Mother’s depression affects child’s brain

A new study suggests a mother’s mood may affect her child’s brain development at critical stages in life. Symptoms of depression in women during and after pregnancy are linked to reduced thickness of the cortex — the outer layer of the brain responsible for complex thought and behaviour — in preschool-age kids, says a new study published in the journal Biological Psychiatry.

“Our findings underscore the importance of monitoring and supporting mental health in mothers not just in the post-partum period, but also during pregnancy,” said lead researcher Catherine Lebel of the University of Calgary in Alberta, Canada.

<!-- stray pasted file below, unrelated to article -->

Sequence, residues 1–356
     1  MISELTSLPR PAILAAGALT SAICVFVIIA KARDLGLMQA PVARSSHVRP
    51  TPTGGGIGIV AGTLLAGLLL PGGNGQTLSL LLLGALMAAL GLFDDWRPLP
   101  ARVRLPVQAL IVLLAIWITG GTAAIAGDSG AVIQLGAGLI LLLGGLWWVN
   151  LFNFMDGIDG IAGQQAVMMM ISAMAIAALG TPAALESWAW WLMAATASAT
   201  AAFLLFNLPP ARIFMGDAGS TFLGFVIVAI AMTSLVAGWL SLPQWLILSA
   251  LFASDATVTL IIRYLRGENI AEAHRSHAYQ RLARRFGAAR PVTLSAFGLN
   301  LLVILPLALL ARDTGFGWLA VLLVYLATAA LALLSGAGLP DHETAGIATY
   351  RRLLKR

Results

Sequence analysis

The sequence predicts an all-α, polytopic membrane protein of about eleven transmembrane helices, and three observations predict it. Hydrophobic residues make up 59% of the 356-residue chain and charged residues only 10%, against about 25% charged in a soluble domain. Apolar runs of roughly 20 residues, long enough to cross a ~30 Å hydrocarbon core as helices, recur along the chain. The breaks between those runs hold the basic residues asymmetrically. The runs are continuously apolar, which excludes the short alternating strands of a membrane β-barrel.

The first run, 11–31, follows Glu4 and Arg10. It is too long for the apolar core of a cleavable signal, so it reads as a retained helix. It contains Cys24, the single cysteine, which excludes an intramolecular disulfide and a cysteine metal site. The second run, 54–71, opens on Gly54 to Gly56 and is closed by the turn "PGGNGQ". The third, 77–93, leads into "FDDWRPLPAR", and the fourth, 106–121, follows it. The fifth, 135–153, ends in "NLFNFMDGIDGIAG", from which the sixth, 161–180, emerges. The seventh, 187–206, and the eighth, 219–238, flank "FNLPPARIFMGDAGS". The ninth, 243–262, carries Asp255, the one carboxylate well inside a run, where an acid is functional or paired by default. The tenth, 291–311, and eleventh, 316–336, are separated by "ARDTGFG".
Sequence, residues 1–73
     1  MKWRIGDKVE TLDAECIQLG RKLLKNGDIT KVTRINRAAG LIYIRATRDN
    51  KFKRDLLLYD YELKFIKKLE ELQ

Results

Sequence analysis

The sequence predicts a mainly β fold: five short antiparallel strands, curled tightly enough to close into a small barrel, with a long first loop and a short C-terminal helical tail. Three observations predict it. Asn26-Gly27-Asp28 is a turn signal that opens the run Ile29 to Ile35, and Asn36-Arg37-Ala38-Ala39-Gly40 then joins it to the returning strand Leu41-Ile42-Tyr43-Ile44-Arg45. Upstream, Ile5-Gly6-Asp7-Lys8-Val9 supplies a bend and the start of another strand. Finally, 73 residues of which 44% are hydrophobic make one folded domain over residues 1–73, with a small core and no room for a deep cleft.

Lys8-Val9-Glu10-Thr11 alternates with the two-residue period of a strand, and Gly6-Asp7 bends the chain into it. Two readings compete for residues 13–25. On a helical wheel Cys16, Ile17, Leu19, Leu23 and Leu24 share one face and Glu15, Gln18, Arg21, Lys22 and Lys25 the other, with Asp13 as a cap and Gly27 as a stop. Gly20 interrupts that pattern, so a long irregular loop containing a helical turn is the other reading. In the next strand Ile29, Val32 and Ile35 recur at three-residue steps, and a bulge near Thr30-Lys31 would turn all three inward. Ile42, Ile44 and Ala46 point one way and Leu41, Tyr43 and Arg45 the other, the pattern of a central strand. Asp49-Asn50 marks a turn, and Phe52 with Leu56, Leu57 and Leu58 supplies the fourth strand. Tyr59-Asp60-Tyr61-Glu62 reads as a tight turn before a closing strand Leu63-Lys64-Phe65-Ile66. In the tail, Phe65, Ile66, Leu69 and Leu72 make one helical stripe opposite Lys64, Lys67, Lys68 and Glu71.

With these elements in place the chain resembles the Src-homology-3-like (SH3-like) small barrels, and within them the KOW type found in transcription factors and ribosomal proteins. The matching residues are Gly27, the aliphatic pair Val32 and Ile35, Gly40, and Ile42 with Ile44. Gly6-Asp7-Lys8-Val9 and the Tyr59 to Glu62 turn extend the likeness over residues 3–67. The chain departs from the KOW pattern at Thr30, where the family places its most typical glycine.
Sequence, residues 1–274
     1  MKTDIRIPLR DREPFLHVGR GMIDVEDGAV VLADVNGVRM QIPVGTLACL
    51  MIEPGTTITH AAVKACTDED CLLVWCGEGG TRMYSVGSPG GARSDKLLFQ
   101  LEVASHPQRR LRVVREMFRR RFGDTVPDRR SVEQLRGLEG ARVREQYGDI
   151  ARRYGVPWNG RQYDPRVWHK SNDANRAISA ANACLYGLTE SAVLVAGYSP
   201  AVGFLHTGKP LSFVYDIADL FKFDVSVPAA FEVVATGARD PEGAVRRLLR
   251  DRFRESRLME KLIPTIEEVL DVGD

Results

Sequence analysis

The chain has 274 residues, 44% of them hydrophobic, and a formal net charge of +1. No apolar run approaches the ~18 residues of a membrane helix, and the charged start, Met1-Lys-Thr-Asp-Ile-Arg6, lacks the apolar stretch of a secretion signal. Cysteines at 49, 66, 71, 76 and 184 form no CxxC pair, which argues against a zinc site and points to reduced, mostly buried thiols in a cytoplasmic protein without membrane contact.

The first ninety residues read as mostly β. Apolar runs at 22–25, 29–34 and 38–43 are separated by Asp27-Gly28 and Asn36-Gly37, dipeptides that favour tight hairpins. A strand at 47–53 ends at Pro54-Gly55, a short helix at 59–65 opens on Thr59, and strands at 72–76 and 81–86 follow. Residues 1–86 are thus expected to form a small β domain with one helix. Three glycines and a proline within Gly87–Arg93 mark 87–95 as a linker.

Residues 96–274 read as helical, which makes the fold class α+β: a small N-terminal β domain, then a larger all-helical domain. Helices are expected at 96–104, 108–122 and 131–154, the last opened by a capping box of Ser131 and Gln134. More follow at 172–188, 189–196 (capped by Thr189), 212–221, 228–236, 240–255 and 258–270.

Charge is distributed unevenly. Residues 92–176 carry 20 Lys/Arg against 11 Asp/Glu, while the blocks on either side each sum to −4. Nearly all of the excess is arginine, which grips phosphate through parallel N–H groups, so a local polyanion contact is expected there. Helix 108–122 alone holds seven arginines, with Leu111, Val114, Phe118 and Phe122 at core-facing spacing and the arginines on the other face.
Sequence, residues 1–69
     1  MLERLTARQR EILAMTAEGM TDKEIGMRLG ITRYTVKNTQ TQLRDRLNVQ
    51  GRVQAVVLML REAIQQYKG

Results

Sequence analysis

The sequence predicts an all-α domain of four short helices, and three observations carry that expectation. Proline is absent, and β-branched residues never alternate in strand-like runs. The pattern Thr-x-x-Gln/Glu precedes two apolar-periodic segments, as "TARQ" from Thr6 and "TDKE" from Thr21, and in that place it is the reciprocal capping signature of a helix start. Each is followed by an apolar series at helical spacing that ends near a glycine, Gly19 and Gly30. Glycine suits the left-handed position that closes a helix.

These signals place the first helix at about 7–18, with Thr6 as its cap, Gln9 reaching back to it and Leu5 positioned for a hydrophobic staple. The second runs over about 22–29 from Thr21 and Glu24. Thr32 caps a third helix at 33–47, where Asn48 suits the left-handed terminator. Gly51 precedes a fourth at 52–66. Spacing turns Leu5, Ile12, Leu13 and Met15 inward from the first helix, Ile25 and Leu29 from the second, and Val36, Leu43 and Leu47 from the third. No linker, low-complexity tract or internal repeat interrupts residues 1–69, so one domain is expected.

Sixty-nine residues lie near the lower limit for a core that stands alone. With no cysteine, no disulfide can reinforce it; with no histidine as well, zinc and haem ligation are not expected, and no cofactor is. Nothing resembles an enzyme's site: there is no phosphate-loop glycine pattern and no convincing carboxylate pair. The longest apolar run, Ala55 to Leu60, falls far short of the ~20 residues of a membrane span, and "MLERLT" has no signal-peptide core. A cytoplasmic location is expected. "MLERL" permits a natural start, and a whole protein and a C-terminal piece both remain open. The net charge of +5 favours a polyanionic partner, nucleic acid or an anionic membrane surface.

Previously, while there was awareness about the association between peri-natal/post-partum depression and negative outcomes in children, this link between maternal depression and abnormal brain structure in preschoolers was not known

The researchers screened 52 women for depressive symptoms during each trimester of pregnancy and a few months after the child was born for the study.

When the children reached about 2.5 to 5 years of age, the researchers used magnetic resonance imaging (MRI) to measure their brain structure.